Public Health

Q&A: Bladder Cancer Awareness with Dr. Cheryl Lee

"Bladder cancer is more common than many people would know. The prevalence is high. Over 700,000 people are walking around with bladder cancer."

In recognition of Bladder Cancer Awareness Month, Single-Use Endoscopy has published weekly articles exploring a different subject relating to bladder cancer. To wrap up our coverage of this important awareness month, we spoke with Dr. Cheryl Lee, a urologic oncologist specializing in bladder cancer at The Ohio State University, about some of the biases physicians should be aware of in diagnosing bladder cancer.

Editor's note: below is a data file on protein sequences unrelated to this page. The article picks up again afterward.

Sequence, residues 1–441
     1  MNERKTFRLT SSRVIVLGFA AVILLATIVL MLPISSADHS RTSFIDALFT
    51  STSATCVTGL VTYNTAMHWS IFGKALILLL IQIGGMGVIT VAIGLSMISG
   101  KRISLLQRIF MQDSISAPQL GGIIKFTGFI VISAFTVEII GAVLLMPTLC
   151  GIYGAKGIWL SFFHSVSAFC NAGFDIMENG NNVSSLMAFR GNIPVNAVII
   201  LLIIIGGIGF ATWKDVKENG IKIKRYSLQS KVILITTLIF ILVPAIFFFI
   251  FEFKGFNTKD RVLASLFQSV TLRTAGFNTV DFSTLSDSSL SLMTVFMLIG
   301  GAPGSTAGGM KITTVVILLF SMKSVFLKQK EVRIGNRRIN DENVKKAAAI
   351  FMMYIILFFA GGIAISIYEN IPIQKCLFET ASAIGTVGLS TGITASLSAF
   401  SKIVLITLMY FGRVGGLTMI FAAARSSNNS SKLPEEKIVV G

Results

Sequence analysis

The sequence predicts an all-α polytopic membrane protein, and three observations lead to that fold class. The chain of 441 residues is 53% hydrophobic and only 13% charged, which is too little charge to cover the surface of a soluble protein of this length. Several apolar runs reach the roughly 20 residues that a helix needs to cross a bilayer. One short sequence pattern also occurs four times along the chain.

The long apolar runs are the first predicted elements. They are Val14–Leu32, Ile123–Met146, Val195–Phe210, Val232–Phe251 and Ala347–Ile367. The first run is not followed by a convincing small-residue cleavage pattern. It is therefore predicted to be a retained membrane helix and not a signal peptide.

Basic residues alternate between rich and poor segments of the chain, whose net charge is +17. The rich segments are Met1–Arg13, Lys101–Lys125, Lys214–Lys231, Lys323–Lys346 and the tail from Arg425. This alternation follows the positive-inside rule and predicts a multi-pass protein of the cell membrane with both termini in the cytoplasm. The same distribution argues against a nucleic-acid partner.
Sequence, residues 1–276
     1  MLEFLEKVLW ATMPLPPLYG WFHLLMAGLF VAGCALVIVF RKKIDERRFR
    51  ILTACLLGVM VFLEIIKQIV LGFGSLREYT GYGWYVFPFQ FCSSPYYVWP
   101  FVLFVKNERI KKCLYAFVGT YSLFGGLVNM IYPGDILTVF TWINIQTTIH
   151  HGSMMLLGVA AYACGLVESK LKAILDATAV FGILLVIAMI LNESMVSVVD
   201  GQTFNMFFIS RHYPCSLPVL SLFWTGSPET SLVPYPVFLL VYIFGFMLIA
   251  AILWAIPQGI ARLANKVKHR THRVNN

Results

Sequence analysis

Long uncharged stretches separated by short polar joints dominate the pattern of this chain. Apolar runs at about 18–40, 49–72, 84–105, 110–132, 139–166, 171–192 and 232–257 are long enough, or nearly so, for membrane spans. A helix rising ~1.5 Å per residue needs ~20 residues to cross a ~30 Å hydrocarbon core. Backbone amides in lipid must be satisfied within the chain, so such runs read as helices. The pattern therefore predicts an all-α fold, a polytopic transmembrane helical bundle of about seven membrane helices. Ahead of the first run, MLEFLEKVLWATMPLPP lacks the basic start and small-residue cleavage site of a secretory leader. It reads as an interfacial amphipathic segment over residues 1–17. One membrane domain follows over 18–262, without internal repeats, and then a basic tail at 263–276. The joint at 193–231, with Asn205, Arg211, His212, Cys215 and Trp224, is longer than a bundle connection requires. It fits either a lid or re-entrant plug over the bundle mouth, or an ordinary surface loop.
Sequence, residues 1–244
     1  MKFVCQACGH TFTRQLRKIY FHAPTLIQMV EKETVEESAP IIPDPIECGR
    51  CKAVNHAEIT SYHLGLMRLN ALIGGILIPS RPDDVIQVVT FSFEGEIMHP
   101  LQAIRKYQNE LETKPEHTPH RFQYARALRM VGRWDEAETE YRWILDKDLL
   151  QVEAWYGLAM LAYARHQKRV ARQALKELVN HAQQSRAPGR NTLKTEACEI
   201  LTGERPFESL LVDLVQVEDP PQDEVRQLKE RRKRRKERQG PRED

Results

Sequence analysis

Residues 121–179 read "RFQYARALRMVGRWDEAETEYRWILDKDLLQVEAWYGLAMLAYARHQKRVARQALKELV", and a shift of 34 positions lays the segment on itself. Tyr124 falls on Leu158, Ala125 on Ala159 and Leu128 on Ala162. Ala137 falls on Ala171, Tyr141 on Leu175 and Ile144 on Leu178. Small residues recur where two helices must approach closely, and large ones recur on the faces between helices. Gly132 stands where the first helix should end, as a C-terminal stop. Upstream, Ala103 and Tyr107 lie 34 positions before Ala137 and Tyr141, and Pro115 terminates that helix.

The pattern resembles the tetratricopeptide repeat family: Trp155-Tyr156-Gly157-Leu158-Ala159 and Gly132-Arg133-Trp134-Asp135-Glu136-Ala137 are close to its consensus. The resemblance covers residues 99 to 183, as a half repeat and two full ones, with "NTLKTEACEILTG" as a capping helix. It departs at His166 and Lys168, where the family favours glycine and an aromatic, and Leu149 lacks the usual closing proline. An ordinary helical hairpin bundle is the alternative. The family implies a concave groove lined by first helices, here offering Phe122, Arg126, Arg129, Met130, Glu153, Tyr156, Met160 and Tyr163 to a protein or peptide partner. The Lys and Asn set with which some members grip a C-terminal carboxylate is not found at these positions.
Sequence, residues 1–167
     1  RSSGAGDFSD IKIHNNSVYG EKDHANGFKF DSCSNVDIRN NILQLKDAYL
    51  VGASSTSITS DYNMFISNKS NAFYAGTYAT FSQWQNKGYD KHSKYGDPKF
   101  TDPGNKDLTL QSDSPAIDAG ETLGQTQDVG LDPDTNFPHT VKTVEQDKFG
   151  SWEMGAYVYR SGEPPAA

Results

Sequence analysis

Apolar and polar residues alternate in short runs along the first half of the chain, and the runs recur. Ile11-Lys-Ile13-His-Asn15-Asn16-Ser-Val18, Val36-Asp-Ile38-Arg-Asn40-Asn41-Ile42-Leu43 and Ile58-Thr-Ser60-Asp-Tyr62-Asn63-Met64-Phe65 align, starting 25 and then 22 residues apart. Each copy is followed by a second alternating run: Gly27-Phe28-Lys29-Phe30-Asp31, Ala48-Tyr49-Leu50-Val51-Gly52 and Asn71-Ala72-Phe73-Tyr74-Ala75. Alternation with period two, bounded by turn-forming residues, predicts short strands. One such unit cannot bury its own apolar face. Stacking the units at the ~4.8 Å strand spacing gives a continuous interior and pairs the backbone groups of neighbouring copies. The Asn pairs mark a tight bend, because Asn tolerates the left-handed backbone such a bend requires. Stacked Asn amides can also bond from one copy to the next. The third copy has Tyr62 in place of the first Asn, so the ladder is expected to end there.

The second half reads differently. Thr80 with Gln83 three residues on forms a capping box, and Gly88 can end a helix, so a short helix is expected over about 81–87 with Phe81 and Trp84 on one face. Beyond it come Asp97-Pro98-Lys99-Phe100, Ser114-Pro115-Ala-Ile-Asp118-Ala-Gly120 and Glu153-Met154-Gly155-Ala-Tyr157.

The American Cancer Society predicts 64,280 men and 19,450 women will be diagnosed with bladder cancer in the United States in 2021. About 90 percent of people diagnosed with this disease are over the age of 55.

Dr. Lee serves as chair of the department of urology and is a board member for the Bladder Cancer Advocacy Network. As a urologic surgeon, she works collaboratively with medical oncology and radiation oncology to improve treatments, quality of life, and survival rates for bladder cancer survivors. Dr. Lee came to Ohio State following 16 years at the University of Michigan.

SUE: Why do you think there has been what you’ve termed “an explosion” of interest in bladder cancer over the last decade? And why had awareness been so low when compared with other prevalent cancers?